Monday, December 31, 2012

The Hobbit: an unexpected connection

James Nesbitt as Bofur

I went to the Hobbit yesterday. Not without some trepidation. The reviews I'd seen said it was over long & slow-paced. I wondered if I'd be better waiting for the DVD. I especially wondered if the kids would sit through it. But, the boys really wanted to go ... and as the promise had been made before I'd seen the reviews, go we went!

I was glad we did. The cinema in Carlow was three-quarters full on a Sunday afternoon nearly three weeks after the film has opened.  That's a pretty fair indicator that word of mouth is having a bigger impact than any negative reviews. I'll give no spoilers, but I liked what Peter Jackson did with the narrative arc. The movie may have been nearly three hours, but I didn't notice the time drag, not did the three of my boys whom I took aged 10, 12, & 16. The Hobbit held our attention.

An expected delight was when the dwarves showed up and Bofur started speaking. Hang on a mo', I thought, I recognise that voice. It was the actor James Nesbitt, a 'Norn Iron' man. The delight wasn't that there was an Irish man in the film, but rather that I had met him once.* 

When I worked for Revenue on Nassau Street, my colleagues and I went for our mid-morning coffee in a bar nearby called Renard's. At night, Renard's was a rather exclusive place, the haunt of the rich and semi-famous but during the day it was pretty quiet & they were happy to let middle-aged civil servants have their elevenses there.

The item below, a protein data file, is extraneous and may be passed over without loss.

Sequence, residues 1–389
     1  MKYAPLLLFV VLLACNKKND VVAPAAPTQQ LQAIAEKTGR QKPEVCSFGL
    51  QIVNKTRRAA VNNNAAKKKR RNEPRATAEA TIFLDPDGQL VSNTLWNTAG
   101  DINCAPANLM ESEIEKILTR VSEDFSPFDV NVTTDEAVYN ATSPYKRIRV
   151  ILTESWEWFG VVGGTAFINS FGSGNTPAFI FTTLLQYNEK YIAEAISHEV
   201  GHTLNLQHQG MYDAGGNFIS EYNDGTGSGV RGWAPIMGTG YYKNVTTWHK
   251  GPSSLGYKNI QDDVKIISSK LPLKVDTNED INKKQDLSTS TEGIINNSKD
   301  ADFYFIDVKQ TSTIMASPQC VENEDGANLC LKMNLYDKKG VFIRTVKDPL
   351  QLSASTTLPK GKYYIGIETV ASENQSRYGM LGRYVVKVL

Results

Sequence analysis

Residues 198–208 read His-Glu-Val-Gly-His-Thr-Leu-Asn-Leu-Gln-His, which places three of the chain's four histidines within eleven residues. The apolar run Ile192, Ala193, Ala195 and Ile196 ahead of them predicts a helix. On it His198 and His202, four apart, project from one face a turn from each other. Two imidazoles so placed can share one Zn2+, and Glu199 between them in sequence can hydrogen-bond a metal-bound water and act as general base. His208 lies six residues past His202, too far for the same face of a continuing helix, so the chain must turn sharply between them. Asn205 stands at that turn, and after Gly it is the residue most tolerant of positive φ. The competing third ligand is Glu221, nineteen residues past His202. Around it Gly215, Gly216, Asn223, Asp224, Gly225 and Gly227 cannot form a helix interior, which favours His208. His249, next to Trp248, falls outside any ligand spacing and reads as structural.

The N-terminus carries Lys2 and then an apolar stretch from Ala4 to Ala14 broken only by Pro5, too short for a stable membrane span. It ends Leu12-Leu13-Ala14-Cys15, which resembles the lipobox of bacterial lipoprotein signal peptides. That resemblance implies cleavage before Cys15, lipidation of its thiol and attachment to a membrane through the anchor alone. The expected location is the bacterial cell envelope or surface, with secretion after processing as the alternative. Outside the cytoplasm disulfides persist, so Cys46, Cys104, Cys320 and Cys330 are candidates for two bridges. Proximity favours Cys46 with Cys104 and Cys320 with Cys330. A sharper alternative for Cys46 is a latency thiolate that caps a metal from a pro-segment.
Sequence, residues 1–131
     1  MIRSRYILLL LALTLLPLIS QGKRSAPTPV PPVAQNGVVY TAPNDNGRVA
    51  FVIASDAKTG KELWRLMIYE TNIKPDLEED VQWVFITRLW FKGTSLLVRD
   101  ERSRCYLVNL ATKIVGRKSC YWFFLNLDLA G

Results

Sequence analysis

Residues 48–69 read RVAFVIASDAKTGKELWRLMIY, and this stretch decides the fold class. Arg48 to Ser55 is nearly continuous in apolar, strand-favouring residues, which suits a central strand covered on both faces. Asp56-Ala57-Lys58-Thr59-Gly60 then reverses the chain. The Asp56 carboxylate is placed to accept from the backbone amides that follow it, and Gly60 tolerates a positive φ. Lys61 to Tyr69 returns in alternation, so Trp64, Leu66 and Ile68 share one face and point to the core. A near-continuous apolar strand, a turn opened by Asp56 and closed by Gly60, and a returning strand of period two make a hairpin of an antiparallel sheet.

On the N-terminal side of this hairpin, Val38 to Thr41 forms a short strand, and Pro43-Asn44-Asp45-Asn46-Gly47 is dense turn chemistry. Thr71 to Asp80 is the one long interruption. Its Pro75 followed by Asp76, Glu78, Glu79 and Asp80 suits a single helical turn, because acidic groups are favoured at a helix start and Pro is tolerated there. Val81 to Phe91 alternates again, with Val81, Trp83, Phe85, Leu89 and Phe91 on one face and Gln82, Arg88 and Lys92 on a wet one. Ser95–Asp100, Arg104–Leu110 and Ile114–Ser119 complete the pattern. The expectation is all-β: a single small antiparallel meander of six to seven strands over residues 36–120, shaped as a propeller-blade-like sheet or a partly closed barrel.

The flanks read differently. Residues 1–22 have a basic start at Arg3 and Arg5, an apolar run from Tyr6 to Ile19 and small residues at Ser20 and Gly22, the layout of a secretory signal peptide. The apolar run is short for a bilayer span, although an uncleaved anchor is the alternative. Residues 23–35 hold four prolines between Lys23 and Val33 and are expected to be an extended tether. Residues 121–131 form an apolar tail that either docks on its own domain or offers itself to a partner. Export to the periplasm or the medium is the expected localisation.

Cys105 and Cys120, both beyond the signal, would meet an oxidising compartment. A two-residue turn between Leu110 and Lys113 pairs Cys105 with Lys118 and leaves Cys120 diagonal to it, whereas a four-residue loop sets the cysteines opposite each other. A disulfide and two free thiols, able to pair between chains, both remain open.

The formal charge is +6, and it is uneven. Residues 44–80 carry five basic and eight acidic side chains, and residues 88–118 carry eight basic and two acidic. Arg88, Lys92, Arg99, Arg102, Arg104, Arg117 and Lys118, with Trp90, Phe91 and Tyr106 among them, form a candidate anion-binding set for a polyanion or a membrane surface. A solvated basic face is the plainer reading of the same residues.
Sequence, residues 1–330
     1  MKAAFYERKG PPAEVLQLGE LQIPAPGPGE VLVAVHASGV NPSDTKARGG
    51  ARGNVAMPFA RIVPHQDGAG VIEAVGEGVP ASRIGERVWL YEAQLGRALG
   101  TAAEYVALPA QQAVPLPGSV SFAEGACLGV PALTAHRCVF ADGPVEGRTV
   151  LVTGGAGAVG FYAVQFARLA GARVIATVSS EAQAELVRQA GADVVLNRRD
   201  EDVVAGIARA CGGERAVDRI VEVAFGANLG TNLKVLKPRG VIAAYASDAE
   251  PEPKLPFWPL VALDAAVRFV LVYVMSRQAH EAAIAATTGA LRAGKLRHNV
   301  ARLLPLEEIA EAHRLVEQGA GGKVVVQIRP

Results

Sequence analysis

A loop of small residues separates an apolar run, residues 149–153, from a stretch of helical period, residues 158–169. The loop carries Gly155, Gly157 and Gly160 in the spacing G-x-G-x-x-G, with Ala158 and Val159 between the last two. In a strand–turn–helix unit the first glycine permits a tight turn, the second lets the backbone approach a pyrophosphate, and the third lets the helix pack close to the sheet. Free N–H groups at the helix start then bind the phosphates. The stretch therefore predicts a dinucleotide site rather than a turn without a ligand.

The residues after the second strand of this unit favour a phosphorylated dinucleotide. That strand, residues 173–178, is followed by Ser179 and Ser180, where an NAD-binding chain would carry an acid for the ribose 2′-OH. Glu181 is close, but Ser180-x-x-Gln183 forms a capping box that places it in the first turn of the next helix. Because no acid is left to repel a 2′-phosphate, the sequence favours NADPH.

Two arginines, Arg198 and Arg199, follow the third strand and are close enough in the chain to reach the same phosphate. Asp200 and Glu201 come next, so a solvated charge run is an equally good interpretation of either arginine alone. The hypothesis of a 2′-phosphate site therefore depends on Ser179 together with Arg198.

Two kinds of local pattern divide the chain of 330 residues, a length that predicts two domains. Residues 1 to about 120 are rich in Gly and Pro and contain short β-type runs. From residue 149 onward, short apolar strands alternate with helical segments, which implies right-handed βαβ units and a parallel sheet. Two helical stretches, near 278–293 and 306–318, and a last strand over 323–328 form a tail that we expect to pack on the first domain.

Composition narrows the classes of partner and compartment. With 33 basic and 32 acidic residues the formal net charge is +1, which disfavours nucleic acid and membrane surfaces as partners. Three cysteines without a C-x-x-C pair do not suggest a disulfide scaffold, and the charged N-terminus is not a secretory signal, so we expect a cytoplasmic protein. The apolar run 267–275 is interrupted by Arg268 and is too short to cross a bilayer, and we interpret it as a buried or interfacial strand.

Renard's at some point decided to do a bit of a re-brand as a sports bar (which mainly seemed to involve sticking in a few plasma screen TVs). And a re-brand requires a launch. And a launch requires a celebrity guest. The celebrity guest was James Nesbitt. Being sort of regulars, we mid-morning coffee drinkers got invites too. Arriving early, long before the too-cool to be on time crowd showed up, we nearly had the place almost to ourselves. And thus I had a chance to have a small chat with Mr Nesbitt.

Truth be told, there wasn't much to say. He was a nice guy, happy to chat (tall and thin, he probably wasn't obvious dwarf material!). He was working on his series 'Murhphy's Law' at the time (where he played, you guessed it, an Irish cop called Murphy). I liked the series. I told him so. He thanked me for my opinion. We discussed the grittiness of the series. And that was pretty much it. He had a drink in his hand, & I in mine, so I suppose technically you could say we had a drink together. After a couple of minutes of very small talk I went back to my colleagues. 

Not much of a story. But it did mean that during The Hobbit I was able to nudge my boys and say: Hey! D'you see that guy? The dwarf? No, not the one with the shaved head! No, not the one with the red beard and huge belly! The one with the funny hat and the big mustache. I met him once. We had a drink together. OK, we had a drink near one another. But I did meet him.'

Slightly cool. Perhaps no great reason to recommend The Hobbit to you. Which is why I don't. I think it stands on its own merits. 

But the fact that it has an Irish guy in it that I met once can't hurt, right?

Happy New Year!

*disclaimer: this is Ireland folks. It's a pretty small place. There is a very good chance that a large percentage of the population of this island has met Mr Nesbitt at some time. There are probably over a million stories out there of how others met James Nesbitt. This is one of them. 

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